In 1966 the Asian Art Museum opened as a branch of the de Young Museum in Golden Gate Park. As a condition of the second of two major major gifts of artworks to the city of San Francisco from industrialist and Olympics head Avery Brundage (who can currently be seen portrayed by Jeremy Irons in the movie Race), the museum was separate administratively from the de Young, though that distinction was probably lost on most visitors. Brundage’s collection was extraordinary, and the museum’s holdings remain San Francisco’s most valuable asset—apart from its real estate, and we all know how that has gone.
In 2003 the museum moved to its current home in what was formerly the main branch of the SF public library, repurposed for the new use by Milanese architect Gae Aulenti. Now it is celebrating the 50th anniversary of its original opening to the public, and I attended a press preview for the opening of two special exhibitions, China at the Center: Rare Ricci and Verbiest World Maps and Hidden Gold: Mining Its Meaning in Asian Art. A third special exhibition, Pearls on a String: Artists, Patrons, and Poets at the Great Islamic Courts, opened Feb. 26 and will continue until May 8. In the coming days I plan to review all three of these exhibitions.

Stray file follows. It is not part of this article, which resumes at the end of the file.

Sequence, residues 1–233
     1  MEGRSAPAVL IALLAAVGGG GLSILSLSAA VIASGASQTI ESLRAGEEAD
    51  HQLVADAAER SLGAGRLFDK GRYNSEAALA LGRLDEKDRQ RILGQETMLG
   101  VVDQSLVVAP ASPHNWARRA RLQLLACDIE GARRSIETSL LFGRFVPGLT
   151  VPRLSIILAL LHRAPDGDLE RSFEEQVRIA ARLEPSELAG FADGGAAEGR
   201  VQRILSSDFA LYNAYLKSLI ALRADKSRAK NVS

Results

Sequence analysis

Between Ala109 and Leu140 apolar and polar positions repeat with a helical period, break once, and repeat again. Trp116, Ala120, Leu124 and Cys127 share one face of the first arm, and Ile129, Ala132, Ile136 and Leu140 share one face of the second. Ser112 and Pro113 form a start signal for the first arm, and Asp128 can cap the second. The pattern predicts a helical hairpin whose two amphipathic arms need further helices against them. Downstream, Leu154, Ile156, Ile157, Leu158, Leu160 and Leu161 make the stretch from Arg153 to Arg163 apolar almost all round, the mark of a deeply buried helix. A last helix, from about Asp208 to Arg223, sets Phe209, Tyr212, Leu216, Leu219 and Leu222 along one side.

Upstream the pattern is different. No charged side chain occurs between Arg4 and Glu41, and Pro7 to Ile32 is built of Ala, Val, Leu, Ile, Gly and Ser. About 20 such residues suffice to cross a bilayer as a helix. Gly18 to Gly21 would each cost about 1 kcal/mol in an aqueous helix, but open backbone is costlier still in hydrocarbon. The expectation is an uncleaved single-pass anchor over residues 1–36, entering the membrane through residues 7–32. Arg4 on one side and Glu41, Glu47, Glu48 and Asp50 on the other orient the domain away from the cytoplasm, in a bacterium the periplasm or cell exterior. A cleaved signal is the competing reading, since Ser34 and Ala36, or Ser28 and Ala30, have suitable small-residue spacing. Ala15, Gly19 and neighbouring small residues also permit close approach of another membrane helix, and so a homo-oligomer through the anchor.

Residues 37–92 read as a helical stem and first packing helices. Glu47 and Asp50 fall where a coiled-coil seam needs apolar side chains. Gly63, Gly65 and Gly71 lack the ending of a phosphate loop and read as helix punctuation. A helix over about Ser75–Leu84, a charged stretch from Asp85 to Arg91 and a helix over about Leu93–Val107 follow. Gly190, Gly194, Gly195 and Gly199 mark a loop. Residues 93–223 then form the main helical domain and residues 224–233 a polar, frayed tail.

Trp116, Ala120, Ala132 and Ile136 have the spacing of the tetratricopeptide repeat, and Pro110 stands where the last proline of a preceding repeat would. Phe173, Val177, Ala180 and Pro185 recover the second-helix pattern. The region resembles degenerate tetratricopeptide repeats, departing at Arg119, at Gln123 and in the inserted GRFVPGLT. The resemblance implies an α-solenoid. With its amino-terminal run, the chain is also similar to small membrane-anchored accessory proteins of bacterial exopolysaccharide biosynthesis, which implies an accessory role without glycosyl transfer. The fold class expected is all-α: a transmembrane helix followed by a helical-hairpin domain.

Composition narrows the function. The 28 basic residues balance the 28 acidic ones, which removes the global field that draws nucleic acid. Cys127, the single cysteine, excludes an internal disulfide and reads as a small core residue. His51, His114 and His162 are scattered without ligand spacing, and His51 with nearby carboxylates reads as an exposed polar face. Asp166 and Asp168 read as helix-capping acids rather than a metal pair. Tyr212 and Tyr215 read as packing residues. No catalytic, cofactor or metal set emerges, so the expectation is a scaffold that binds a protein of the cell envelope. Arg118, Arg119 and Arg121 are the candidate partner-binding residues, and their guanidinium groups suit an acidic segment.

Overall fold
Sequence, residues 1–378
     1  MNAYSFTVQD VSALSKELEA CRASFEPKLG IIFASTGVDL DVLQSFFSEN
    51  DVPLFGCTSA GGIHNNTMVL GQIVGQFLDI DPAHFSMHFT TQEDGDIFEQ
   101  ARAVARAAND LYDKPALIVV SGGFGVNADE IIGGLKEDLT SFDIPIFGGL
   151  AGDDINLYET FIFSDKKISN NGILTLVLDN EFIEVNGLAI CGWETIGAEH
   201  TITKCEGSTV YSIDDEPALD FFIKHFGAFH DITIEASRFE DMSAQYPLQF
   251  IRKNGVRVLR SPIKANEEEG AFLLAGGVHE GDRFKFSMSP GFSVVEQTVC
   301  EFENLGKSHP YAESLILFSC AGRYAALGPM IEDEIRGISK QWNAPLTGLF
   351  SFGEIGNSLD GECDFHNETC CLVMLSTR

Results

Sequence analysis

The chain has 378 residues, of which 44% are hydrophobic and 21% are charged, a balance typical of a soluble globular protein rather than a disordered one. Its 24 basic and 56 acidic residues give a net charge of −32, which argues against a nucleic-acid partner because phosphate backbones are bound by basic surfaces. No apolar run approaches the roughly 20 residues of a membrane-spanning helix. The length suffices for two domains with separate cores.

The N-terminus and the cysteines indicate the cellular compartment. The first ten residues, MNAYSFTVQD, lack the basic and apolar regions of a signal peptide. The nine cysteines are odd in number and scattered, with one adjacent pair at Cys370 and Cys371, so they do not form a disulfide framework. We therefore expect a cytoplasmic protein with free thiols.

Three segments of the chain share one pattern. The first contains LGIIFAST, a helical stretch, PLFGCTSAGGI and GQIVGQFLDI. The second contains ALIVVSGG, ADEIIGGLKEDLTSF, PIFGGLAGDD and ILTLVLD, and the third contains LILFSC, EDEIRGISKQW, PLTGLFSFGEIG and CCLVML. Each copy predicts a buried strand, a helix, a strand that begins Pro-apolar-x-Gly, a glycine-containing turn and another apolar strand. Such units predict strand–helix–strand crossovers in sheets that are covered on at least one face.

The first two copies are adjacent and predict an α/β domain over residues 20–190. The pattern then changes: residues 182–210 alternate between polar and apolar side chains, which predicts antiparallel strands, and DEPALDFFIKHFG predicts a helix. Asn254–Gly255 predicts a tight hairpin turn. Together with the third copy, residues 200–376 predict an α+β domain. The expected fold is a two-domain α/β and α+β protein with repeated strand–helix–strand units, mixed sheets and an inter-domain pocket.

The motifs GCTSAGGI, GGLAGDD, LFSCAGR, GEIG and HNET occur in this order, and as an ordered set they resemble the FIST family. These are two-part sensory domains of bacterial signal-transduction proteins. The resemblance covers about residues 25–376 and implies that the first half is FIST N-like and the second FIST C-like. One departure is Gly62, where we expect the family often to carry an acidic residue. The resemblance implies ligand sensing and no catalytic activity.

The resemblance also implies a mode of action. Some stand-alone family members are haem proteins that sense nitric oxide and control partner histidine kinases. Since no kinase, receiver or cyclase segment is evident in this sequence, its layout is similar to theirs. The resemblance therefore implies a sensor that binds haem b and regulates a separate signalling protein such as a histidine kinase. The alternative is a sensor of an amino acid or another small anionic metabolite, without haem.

So how does the museum look on the occasion of its 50th? I’m happy to report that the answer is: spectacular! There are a couple of walls devoted to museum history in the space between Osher and Hambrecht Galleries (which the museum calls the Vinson Nook) and along the corridor behind its gift shop (which it calls the Hamon Arcade). But the display is tastefully done and not excessive. My fear was that the anniversary displays would be excessively self-referential, as was sometimes the case for past museum celebrations. But someone at the museum must have realized that however interesting such material may be for staff, board, and donors (and those interested in city history), it is not as compelling to most visitors as are actual artworks.